Saturday, January 26, 2008

Have you seen...

I can see my breath.
With each step, there is a “crunch.” The air is dry and near zero.
I am alone in our field this morning.

Faded grasses, bent and broken, shade pockets of snow and cast them barely blue in the early light of day.
Weathered bird houses stand still on tall gray poles, empty of life.
The scores of deep brown teasel heads have been picked clean. On top, only a dusting of white remains. The birds have gone elsewhere.
It would seem that I am truly alone.

But on the berm of the old pond beside me, there is a crystal palace.
Where pillars of white have wrapped the strands of grass. And feathery cushions catch the sunlight with a silvery flash.

The muskrat lives beneath.
Safe and warm.
Except for her breath.

"Have you seen...." is an effort to discover the unusual beauty in things not usually appreciated for their beauty.

Click on image for detail

This dense hoarfrost structure grown from her breath was like nothing I've ever seen before.
And, as I lay on the ground trying to take pictures of it, I could smell what first, I thought was a skunk.
It was her--just within the burrow.

Before and after

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MojoMan said...

No...I've never see - or at least never noticed - such a thing. Your powers of observation are truly extraordinary.

mbharf said...

the photos are extraordinary-words-exquisite. you are a true talent.

Stacie said...

That crystal palace is absolutely stunning. Did I read correctly that that is merely some grass, and the breath of the muskrat living underneath, condensed and froze and created the crystals?

nina said...

Mojoman--this was hard NOT to notice--like a bunch of bottle brushes or feather dusters in the middle of a grassy field.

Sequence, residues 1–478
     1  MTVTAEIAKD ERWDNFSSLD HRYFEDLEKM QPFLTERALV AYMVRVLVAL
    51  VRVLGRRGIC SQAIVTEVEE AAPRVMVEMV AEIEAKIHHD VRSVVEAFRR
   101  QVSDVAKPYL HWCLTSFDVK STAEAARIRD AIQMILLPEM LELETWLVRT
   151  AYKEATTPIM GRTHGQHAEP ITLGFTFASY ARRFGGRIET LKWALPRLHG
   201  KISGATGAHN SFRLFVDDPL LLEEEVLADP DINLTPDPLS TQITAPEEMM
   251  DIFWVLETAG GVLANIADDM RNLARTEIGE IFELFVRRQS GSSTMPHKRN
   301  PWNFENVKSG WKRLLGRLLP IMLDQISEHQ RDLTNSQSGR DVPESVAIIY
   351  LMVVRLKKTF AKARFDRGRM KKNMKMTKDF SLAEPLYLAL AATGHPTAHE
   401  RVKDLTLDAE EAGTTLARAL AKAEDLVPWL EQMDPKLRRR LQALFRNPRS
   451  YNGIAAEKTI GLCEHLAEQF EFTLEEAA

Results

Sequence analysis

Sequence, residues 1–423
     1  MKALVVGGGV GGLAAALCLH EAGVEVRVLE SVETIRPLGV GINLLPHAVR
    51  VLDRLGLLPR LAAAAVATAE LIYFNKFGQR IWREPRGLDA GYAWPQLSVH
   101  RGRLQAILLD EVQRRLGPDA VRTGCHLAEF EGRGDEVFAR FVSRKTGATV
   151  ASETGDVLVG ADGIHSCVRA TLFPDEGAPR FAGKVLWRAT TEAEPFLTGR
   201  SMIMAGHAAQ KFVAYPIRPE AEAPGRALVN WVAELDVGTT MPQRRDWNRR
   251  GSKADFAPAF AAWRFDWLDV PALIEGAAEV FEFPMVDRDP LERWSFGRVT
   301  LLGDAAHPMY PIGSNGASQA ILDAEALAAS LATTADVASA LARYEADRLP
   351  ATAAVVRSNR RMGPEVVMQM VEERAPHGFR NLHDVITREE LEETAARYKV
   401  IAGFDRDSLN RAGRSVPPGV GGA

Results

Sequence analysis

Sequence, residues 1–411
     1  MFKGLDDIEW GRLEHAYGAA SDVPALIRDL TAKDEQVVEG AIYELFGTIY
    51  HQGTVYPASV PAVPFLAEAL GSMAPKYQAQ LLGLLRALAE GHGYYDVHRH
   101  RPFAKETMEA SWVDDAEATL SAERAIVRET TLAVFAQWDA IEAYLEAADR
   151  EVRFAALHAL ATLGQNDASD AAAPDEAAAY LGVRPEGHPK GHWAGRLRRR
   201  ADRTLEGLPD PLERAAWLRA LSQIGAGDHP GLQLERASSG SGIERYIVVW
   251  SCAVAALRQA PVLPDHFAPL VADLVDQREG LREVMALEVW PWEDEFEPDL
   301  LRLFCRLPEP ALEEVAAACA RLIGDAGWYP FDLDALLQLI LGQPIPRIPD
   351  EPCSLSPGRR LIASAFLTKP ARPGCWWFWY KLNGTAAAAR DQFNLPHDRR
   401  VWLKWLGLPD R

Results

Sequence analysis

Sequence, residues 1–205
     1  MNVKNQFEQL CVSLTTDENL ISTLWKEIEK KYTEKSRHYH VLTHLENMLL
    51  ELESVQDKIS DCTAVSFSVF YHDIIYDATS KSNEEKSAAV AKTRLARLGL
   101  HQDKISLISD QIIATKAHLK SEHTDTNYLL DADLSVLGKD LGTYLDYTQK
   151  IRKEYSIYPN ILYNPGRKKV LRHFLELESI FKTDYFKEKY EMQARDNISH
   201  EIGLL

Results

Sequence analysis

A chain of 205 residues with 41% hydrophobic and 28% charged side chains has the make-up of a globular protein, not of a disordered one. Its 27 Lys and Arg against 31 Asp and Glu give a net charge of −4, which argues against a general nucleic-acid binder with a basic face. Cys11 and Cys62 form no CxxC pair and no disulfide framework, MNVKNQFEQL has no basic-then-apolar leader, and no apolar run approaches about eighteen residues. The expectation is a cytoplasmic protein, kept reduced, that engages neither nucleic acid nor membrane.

MB--Hi, stranger, and thanks! You're welcome to visit anytime. It's certainly easier than a plane ticket!

Stacie--Yes, it is simply grass and muskrat breath. Or perhaps moisture from her body, if she entered from under the pond and dried off inside here. At any rate, the humidity that developed in this enclosed space rose through that hole and formed the lovely crystals on the surrounding grass in the winter air.

Stacie said...

That is amazing!

Marvin said...

Don't sell yourself short, Nina. Your observation skills and especially your ability to write about what you've seen are extraordinary. Nature Remains should be mandatory reading for everyone blogging on a nature theme.

cestoady said...

I would second Marvin's remarks -- where else would you see a photo of a Crystal Palace --or know that such an unusual structure even exists ?

DrowseyMonkey said...


Diane said...

beautifully done Nina. Judging from the great response you get on this, maybe I should do more of my postcard series. You have a remarkable talent and it's wonderful that you are sharing your observances with us!

No wonder I keep coming back here!

Diane at Sand to Glass
Diane's Flickr photos

Lisa at Greenbow said...

Love this post Nina. The "breath" photo looks like a feather tree to me. Beautiful.

No I have never seen such a thing. I will enjoy your natural world vicariously. You make it seem enchanted.

Clare said...

Hi Nina,

I enjoy muskrats, their industriousness, their ability to roam far from "home", their time in the water, on land, and underground. And now, thanks to you, the artistry of their breath.

Mary said...